Workplace Fatalities Should be Unacceptable in Modern Society

Every year the Workplace Safety Insurance Board (WSIB) releases statistics regarding workplace fatalities and accident claims from the previous year. Unfortunately, the statistics are not providing a record of progress. Why is it that every year in Ontario, between 200 and 300 workers lose their lives as a result of traumatic workplace accidents and occupational illnesses? According to the latest report, in 2015, 229,000 accident claims were filed with the Ontario WSIB. That is up almost 15 percent from the year before.

All of those killed and injured were ordinary people working to make a living – mothers, fathers, daughters and sons. Every one
of those accidents and exposures to hazardous substances was preventable.

With the passage of Ontario’s Occupational Health and Safety Act (the Act) in 1979, workplace fatalities dropped significantly over the following years. Unfortunately, since this initial decrease, the number of workers killed in the province’s workplaces has not declined significantly.

On April 28th, the “National Day of Mourning”, we remember those who lost their lives as a result of work-related accidents or occupational diseases. Actions taken in the mid-1980s by the Canadian Union of Public Employees and the Canadian Labour Congress were instrumental in establishing this day of remembrance. This date was chosen because Canada’s first comprehensive Workers’ Compensation Act received Third Reading in Ontario on that day in 1914. The Day of Mourning is now recognized in one fashion or another in more than 100 countries.

Regardless of the industry, there are hazards present in all workplaces. Work​ needs to be carefully planned with a focus on safety and workers mustbe well-trained to implement the plan. All hazards must be identified, eliminated or controlled. Anything else will result in accidents, injuries and fatalities. Special attention needs to be placed on ensuring that new workers are supervised effectively and given adequate knowledge and understanding of workplace hazards and safe work procedures so they come home safe and sound at the end of their workday.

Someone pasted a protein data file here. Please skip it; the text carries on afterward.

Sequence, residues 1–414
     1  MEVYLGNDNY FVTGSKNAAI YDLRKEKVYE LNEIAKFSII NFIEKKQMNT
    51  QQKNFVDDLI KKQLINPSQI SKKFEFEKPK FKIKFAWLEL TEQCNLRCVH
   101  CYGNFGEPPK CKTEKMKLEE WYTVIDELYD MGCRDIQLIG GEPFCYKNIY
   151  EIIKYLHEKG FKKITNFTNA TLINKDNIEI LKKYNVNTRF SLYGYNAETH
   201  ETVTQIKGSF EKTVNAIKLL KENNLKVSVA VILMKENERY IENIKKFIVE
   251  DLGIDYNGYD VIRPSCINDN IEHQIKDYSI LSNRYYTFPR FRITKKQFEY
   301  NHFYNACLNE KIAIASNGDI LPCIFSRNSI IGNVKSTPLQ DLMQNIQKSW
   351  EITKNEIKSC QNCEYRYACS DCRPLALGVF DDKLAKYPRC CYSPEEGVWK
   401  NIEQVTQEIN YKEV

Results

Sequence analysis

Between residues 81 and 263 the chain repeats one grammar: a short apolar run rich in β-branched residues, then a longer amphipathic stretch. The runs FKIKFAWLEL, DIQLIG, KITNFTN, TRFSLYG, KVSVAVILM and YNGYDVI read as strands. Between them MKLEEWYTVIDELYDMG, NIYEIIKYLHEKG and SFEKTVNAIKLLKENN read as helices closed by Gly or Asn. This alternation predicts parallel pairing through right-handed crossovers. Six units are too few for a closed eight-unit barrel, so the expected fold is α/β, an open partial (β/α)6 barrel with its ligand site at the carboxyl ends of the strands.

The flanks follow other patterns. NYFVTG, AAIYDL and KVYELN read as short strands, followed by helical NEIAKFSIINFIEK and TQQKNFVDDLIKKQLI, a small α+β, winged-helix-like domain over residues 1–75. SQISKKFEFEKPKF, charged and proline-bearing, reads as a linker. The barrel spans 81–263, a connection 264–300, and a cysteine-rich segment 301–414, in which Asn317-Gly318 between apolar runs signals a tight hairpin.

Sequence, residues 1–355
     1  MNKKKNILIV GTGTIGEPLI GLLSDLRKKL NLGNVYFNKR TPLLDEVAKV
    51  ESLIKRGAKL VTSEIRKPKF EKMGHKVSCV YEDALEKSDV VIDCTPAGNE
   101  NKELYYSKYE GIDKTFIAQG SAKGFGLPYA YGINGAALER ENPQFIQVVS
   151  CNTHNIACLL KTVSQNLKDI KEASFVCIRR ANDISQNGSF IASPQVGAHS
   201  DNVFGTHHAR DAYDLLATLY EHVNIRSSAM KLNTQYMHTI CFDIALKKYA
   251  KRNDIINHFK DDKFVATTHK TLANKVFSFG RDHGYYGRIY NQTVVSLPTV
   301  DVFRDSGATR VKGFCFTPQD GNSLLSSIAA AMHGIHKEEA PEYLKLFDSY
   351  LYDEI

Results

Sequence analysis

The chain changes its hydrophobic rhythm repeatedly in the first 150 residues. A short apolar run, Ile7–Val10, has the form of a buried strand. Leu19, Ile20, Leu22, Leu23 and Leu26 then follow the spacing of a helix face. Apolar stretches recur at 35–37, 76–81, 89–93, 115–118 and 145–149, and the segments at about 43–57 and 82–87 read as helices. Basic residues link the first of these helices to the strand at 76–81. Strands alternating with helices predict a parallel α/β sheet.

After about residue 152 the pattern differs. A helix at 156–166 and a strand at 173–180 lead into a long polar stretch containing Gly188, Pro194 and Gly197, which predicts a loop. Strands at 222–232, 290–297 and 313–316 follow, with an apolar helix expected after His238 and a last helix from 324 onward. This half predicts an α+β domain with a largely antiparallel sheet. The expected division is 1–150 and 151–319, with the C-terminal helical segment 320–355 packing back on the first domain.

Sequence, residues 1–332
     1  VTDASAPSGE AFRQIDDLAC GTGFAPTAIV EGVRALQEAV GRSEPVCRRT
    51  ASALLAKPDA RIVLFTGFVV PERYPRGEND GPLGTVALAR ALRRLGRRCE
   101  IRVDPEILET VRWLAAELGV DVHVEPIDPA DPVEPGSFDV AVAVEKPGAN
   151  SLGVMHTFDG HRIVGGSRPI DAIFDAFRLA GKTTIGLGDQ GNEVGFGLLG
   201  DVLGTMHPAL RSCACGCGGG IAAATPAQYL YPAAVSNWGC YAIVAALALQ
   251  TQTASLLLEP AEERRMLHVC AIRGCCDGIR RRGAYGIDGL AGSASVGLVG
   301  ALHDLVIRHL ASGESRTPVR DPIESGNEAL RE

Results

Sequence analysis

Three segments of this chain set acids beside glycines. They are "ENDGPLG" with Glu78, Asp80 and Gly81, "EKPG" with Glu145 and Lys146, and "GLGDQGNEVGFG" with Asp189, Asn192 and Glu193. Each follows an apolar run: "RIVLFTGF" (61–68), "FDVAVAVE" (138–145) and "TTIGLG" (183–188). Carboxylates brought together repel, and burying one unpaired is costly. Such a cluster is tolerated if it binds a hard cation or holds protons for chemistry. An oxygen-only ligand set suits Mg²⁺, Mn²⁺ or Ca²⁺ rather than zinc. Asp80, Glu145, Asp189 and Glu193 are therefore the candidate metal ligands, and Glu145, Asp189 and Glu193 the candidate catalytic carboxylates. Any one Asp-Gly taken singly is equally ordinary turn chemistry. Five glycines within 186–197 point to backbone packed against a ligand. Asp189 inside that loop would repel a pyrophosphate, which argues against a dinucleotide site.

In Ontario, our workplace health and safety system relies on the co-operation of employers and workers through the appointment of Health and Safety Representatives and the establishment of Joint Health and Safety Committees that are required to inspect, identify and address health and safety issues in the workplace. It should be no surprise that the safest workplaces are those where employer and worker representatives genuinely work together to create an accident-free environment. When the parties can’t agree, the Ministry of Labour can be called to assist or intervene.

Since the initial electrification of homes and businesses in our province, the Power Workers’ Union has continuously worked to set and improve the safety standards for both the general public and for workers in the electricity sector.

Traditionally, electricity flowed from large generating stations along a network of transmission and distribution wires to our homes, businesses and factories. Now, in addition to that traditional movement of electricity, reliability must be maintained while managing a two-way flow of power that can change rapidly. Consumer-owned generators produce intermittent power to sell to the grid at one price, while buying the electricity they use from the grid atanother. A customer can become a generator at any time and many can be both customer and generator simultaneously. It is a constant challenge in our industry, and many others, to ensure that safe work methods keep up with rapidly changing technologies.

Power Workers work in a wide variety of locations and weather conditions across Ontario. Extreme weather often creates hazardous situations, such as those seen during the ice storms of January 1998 and December 2013, that are among the most potentially dangerous anywhere. Dedication to the development, renewal and implementation of safe work procedures, planning, training and experience are all essential to insulate workers from potential hazards.

The single most important legal right that a worker has to protect himself or herself in Ontario workplaces is the right to refuse to work in situationswhere the worker has reason to believe that they have not been adequately trained to perform a particular task safely or that the work plan, the equipment, the physical condition of the workplace, or the threat of workplace violence is likely to endanger them. In the event that a health and safety related work refusal is not resolved immediately to the satisfaction of the worker, the Ministry of Labour is called to investigate and prescribe remedies to ensure that workers are safe. Workers are protected from retaliation by their employer in these instances under the Act.

Still, this year in Ontario, thousands of workers will be injured and hundreds more will die from workplace accidents and industrial illnesses. All of these accidents are needless, preventable and unacceptable. Ensuring workplace safety requires constant vigilance on the part of employers, unions,workers, Ministry of Labour officials and legislators all working together.

Regrettably, we still have a long way to go to eliminate workplace deaths and injuries but we know we can get there. At Day of Mourning ceremonies, we renew our commitment to achieve those goals. We mourn for the dead and fight for the living.


View as PDF